by Fiona Vance
Note: The winery is now located at the Banach farm, located about 3 km south of Battleford. See bottom for contact information.
The wine bottles catch a glint of sunshine filtering through the
liquor store window, and the light warps into a mirage of reflected
color. The labels are lined up horizontally on the shelf, like even
threads on a paper loom, all facing outwards. Battle River Red.
Harvest Gold. Lady Di. Sir Walter. These wines range from pale yellow
to hushed pink to deep red. Made by some winery called Banach. You
lean in to take a closer look. . . and promptly do a double-take.
Battleford, Saskatchewan! Does it really say that?
This reaction is typical when people find out about Banach Winery. But what the casual wine-buyer in a liquor store
doesn't know is the inspiring story behind these wines. Banach
is the little winery that could.
|Diane and Walter
Banach at their winery in Battleford.
"We're treated as any other winery," says Diane Banach, co-owner
of the winery. "We have the same kind of markup, we have to go by
the same regulations, et cetera, et cetera."
Diane and Walter have been making fruit wine
for close to 20 years. When they went commercial in late 1996, they
started out with a chokecherry wine called Battle River Red, a wine
they'd been making for years that's named after the river that runs
just north of the Town of Battleford. They've since expanded into
crabapple and strawberry wines, with raspberry added just recently.
"I, myself, I really like the raspberry," says Stormie Douville.
She and her husband Roger live near Battleford and are good friends
of the Banachs. She's tried all the wines and likes them.
"They're very unique, of course. Many people have said, 'well,
they don't taste like this', you know. But you cannot compare it
with a grape wine because it's a whole different - it's kind of
like comparing pop to a real juice."
|Visitors to the
winery are encouraged to sample the products.
Diane and Walter have found that chokecherries and other prairie
fruits make excellent wines.
"I've always jokingly called the chokecherry the 'grape of the
prairie', eh," giggles Diane. "Everybody gets a kick out of that."
Through word-of-mouth, the Banachs let area residents know they
are in the market for prairie fruits. Local people pick strawberries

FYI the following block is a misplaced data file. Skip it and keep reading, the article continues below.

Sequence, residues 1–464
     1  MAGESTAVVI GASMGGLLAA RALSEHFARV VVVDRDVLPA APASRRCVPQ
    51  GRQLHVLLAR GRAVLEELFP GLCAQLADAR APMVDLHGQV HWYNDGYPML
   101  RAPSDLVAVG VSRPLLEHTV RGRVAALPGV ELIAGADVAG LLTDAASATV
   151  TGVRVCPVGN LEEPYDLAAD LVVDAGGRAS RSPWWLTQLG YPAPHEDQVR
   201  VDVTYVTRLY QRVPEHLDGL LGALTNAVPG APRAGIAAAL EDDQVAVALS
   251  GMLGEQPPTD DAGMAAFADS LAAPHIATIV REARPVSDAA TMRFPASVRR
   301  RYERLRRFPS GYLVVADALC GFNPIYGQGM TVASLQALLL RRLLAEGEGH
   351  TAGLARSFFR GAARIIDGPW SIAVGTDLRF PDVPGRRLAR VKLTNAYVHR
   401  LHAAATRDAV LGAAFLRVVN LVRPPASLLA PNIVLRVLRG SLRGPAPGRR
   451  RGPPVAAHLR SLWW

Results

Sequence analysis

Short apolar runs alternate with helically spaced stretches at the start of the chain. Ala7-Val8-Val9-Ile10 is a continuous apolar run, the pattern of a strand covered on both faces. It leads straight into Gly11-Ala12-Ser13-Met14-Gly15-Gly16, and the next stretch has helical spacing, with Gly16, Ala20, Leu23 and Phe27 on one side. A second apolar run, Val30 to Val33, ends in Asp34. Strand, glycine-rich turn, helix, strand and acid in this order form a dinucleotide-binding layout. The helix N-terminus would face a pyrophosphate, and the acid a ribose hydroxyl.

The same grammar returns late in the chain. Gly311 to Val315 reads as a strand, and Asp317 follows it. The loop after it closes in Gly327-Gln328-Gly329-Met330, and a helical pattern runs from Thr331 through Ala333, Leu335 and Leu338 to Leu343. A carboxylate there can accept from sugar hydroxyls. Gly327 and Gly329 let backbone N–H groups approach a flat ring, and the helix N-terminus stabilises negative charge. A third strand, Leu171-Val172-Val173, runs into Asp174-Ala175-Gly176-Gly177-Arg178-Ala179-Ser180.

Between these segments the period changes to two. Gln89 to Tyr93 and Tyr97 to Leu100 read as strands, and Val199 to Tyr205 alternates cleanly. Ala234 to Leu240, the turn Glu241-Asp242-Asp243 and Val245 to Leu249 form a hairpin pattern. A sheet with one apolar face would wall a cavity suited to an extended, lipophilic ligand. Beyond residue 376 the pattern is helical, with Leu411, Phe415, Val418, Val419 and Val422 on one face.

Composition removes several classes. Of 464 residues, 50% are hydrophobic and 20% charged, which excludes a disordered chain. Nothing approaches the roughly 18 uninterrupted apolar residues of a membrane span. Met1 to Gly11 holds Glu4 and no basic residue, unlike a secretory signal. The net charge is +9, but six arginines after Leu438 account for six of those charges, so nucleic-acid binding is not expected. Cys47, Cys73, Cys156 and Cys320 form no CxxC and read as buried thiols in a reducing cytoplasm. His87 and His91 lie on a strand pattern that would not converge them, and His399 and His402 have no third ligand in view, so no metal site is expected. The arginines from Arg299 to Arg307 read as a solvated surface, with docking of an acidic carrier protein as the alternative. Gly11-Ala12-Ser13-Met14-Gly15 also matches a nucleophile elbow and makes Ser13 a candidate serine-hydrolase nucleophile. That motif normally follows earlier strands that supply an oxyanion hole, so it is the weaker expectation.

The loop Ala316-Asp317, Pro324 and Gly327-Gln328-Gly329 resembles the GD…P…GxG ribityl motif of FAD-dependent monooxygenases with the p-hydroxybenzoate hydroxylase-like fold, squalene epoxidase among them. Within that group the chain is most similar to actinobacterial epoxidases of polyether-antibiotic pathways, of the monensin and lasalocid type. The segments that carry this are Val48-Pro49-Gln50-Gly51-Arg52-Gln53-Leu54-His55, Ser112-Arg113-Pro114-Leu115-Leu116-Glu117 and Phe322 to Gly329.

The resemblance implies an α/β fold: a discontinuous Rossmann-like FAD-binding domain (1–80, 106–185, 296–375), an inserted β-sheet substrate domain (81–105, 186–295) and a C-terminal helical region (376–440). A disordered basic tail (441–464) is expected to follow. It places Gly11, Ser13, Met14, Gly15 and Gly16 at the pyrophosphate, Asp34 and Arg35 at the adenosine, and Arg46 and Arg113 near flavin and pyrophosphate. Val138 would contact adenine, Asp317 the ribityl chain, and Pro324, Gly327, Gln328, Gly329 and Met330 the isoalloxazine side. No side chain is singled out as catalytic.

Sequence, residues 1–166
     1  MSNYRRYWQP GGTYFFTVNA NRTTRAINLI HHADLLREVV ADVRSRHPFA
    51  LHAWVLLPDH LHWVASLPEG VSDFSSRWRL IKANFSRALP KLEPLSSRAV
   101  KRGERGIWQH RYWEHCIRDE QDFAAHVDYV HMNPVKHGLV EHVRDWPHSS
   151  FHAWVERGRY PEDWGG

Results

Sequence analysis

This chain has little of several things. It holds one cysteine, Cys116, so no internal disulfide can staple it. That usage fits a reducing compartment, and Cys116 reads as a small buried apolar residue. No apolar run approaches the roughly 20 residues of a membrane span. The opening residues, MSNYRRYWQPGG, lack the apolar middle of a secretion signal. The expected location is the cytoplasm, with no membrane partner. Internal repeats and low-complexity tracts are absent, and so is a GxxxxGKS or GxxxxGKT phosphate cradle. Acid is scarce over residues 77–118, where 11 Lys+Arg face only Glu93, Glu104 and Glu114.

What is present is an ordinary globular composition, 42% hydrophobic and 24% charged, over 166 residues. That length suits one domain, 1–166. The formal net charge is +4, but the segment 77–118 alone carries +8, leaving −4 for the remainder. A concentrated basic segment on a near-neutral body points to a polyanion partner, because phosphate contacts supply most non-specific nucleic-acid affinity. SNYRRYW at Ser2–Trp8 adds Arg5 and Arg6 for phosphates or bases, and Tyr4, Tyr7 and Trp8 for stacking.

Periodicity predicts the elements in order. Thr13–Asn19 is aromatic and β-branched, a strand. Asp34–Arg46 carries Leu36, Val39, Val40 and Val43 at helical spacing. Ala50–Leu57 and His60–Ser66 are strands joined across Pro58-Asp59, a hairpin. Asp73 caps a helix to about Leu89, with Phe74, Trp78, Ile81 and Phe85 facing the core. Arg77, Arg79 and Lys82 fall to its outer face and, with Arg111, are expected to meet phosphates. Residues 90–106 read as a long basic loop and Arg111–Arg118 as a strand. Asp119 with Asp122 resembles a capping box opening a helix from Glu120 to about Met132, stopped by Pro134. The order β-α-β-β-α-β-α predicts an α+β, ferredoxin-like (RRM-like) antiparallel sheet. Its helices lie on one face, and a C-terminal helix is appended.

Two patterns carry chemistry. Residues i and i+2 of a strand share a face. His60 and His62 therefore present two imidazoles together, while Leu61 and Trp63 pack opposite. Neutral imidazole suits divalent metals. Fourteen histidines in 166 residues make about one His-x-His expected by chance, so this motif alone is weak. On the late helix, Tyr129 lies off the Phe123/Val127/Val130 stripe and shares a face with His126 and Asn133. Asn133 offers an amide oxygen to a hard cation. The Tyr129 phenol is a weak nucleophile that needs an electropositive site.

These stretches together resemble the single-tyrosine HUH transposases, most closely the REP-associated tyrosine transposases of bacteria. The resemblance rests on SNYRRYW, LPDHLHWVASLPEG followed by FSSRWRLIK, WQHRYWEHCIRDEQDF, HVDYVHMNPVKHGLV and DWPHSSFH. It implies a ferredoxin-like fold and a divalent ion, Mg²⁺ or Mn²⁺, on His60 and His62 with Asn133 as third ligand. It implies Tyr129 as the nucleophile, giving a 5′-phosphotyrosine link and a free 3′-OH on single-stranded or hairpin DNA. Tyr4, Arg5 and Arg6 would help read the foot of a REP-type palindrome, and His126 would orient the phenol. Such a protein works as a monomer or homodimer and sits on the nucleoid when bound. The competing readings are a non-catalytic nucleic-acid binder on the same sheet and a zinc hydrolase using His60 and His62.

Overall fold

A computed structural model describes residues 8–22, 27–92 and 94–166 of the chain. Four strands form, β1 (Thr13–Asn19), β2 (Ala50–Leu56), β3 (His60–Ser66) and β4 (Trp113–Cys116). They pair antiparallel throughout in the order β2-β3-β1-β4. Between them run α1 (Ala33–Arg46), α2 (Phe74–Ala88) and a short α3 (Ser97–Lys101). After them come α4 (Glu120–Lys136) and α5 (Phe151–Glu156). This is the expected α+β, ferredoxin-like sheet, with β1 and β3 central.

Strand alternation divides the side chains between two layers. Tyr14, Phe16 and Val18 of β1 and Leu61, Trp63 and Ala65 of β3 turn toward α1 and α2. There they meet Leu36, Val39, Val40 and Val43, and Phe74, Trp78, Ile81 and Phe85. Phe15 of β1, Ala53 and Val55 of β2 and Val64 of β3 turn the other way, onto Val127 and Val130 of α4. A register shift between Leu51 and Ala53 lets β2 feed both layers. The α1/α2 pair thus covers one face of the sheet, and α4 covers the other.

and raspberries on U-Pick farms, or else hunt out chokecherries
and crabapples in the wilds. They bring their fruit to the Banachs,
who buy them by the pound.
The Banachs freeze the fruit, thawing it out when they are ready
to make the wine. Diane estimates their winery yields about 30,000
to 40,000 bottles a year. Except for bottling time, however, it
is only Diane and Walter who do the work.
"I'm sure they're doing the job of about four or five people, just
the two of them," says Stormie. "People don't realize how much work
is involved in that winery."
Diane admits they are 'not getting rich overnight'. And although
she's quick to emphasize how proud she is of having made it this
far, Diane is not reticent when it comes to discussing the problems
Getting the licence from the province was a nightmare. Saskatchewan
had no policy in place for wineries such as Banach, so there was
much red tape and delay right off the bat. But the Banachs never
"Many, many a time I went to bed at night very, very frustrated
and ready to give up," Diane says. "Then we'd talk it over and,
I guess, the more they pushed us, the more stubborn we got."
|Diane shows visitors
how the fruit press works.
That stubbornness is at the root of the Banachs' success.
"They persevered," says Roger Douville. "They pushed it and, you
know, if you believe in something, you'll go for it. And they believe
Then came the problem of marketing the wine. Even with Saskatchewan
liquor stores now carrying their wines, the Banachs find publicity
difficult to garner, even in the immediate vicinity. Nevertheless,
they are determined to keep their low prices static for as long
They are now in the process of expanding their market into Alberta,
since many of their customers are Albertans who spot their winery
from the nearby highway. Albertans are only part of the tourist
"We get them from all over the place," says Diane, "anywhere from
Vancouver to New Brunswick. We've even had some people stopping
in from the States."
She keeps a guest book for visitors, who are usually stunned to
find their winery.
"Most people associate a winery with grapes, you know," explains
Roger. "You have to be in an area that you've got sunshine nine,
ten months of the year. And here they are producing wine out of
Saskatchewan-grown fruit, like choke berries that no-one wants.
And they grow every year."
|A Regina visitor
browses through the offerings.
The reliability of the wild fruit crops is one less worry for the
Banachs, but the community involvement in picking the fruits is
equally important. Except for the raspberries, all the fruit is
bought locally. Roger saw this community spirit in action at the
winery's grand opening.
"There were people there that picked chokeberries and said 'we're
here to try the end result'. And they were astonished. . . They
couldn't believe that, 'hey,I was a part of this'."
"I think that's really nice," adds Stormie, "because they're really
promoting other people and helping other people in our community
by purchasing the fruit. . .
"You really do have Saskatchewan flavor when you buy the wine."
The Banach Winery is located about 3 km south of Battleford. Visits by appointment, call: (306) 937-3209.
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